As for taming a storm, the mindset has two avenues. One is bringing an offering to the source, such as a sailor gifting gold to the sea using the incantation as directed by a Weather Witch for calmer waves. The second approach is similar to the magical wind knot, only in this case the focus is on binding part (or all) of the weather, and restoring calm.
Using Weather for Battle
There are accounts of various witches, including Gerald Gardner, local Hereditary Witches and the New Forest coven during World War II who used their understanding of the weather against the enemy. The idea was raising a storm for deterring invasion and give the “good guys” time to regroup and plan. Using Wiccan terms – they raised a turbulent cone of power and directed it toward the Germans. Such conditions would also make air strikes far more difficult.
The Weather Witch and Meteorology
Modern science gives us a lot of information on the factors that produce our daily weather. Knowing this information, along with having various monitoring devices allows the weather person to give you your daily forecast. And, as any meteorologist will tell you, these forecasts remain difficult especially when you are looking forward by a week or more. Or, as they say in some places “yep, it’s raining. Just wait ten minutes.” A Weather Witch can certainly use the information provided by forecasts as a starting point, but after that, we move onto folk customs and traditions.
Weather Witchcraft: Spells
Do you remember the song, “rain, rain, go away, come again another day?” That is a charm aimed at clearing the clouds for a beautiful sunny day. Singing magical songs in witchcraft is a well-known method. Oddly, however, superstition tells us that lousy singing brings rain. So, ensure your success by finding the best vocalist among local witches for enacting this charm.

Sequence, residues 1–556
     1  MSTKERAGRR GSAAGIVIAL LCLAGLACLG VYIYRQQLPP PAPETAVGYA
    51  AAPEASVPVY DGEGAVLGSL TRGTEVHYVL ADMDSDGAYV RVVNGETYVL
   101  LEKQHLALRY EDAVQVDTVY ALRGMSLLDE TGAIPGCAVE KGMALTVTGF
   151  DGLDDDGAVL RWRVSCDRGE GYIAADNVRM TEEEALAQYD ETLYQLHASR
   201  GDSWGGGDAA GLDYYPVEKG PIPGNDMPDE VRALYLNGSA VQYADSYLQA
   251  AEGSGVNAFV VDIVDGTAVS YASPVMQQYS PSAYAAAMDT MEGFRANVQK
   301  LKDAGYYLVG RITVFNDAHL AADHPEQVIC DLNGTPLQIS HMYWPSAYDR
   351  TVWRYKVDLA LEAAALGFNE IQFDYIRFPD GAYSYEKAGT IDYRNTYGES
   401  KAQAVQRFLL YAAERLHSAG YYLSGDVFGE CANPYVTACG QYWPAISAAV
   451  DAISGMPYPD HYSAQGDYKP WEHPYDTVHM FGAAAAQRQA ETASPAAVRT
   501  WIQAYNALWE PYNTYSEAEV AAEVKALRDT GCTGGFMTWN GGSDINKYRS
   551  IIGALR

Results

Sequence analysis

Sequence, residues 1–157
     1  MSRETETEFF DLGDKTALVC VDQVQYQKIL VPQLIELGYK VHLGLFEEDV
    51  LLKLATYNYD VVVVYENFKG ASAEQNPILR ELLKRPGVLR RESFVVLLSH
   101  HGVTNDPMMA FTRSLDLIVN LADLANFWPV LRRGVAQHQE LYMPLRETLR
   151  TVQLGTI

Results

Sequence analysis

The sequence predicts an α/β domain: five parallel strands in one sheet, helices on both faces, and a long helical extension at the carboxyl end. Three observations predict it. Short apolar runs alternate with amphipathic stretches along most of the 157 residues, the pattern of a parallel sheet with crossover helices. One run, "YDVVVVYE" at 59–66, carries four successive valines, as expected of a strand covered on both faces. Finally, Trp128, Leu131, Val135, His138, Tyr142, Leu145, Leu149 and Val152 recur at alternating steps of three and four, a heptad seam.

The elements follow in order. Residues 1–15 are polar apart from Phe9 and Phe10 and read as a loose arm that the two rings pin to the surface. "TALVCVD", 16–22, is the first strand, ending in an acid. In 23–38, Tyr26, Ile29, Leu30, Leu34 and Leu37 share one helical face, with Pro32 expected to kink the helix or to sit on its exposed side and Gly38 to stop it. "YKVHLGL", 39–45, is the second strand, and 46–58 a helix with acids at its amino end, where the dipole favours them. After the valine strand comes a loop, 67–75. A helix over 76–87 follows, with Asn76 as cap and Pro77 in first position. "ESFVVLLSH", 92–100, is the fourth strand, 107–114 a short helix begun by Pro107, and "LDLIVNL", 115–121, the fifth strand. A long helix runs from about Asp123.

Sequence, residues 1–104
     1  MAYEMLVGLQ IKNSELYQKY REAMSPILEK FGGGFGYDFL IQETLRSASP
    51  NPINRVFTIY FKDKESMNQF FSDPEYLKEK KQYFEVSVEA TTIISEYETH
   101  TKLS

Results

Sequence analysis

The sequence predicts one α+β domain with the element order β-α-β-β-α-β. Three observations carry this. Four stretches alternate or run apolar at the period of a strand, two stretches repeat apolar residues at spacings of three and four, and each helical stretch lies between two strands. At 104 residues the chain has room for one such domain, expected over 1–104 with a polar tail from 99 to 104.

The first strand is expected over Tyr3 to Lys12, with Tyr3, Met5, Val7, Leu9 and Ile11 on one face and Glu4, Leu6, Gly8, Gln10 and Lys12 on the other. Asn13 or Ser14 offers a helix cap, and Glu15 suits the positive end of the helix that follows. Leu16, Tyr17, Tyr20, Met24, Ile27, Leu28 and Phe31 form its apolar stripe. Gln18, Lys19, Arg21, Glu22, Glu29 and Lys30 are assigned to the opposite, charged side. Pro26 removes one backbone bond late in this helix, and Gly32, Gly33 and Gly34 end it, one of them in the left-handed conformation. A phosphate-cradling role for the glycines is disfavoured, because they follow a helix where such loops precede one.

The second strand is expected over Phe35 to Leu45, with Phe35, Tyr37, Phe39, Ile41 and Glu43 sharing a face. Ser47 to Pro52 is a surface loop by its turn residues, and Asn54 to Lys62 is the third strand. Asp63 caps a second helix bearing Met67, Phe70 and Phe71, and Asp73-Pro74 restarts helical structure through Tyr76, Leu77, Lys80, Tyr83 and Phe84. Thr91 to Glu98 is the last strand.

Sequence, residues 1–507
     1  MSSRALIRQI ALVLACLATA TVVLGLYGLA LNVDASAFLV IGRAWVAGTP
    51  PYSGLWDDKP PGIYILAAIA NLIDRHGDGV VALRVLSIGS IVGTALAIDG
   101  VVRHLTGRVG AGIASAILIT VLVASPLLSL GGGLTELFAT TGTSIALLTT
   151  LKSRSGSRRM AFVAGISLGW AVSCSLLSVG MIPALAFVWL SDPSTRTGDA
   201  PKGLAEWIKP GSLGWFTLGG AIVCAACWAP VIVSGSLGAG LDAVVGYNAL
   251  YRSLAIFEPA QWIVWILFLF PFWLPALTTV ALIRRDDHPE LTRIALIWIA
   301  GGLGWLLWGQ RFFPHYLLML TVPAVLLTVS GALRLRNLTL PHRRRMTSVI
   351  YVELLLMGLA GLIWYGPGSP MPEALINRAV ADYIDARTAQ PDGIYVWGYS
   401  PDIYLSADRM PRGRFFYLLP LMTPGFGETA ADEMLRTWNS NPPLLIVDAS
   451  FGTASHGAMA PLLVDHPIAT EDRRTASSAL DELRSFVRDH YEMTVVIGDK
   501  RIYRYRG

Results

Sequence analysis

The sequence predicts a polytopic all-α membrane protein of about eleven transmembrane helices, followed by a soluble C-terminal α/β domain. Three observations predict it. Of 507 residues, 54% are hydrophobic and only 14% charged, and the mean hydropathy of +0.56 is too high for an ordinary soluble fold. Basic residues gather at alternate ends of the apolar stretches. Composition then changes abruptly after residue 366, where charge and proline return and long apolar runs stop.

Another tool for the Weather Witches (and one common to many forms of Witchcraft) is a bell. Around the world, bells have definite magical applications. In the Far East, for example, people ring bells to communicate with spirits. Buddhism calls the sound of a bell “pure wisdom.” Historically bells chime out warnings or drive away demons (this is how we get the phrase “saved by the bell”). This symbolism isn’t lost on the Weather Witch. She may ring a loud bell to overcome the voice of thunder (silence the storm). She may also hang consecrated bells in various locations for protection. The bells ring long ahead of a nasty weather front, warning the locals to prepare.
Weather Witches adhere to the idea of “If it works, keep using it.” They look around to readily available items as part of their spellcraft. A broom (to stir the wind), yellow flower petals (for a sunny sky), freshwater (for conjuring rain) and wood from magical trees like Rowan (protection from lightning) could all play a role in a spells design.
It’s not Nice to Fool Mother Nature
The Weather Witch knows full well that Nature has its own ideas about what’s best or necessary. No matter the Witch’s adeptness, Gaia may just say “no” or modify the energy for improved results from a global perspective. This can prove frustrating, but it’s part and parcel of the Weather Witch’s path.
The responsibility involved in wielding weather magic is mammoth. The slightest climatic change has ripple effects that aren’t easily foreseen. Thus the Weather Witch looks at needs versus wants before accepting any requests. They have much in common with Green Witches in terms of reverence for the spirit of the Earth. It is sacred ground we walk upon, and Weather Witches tread respectfully.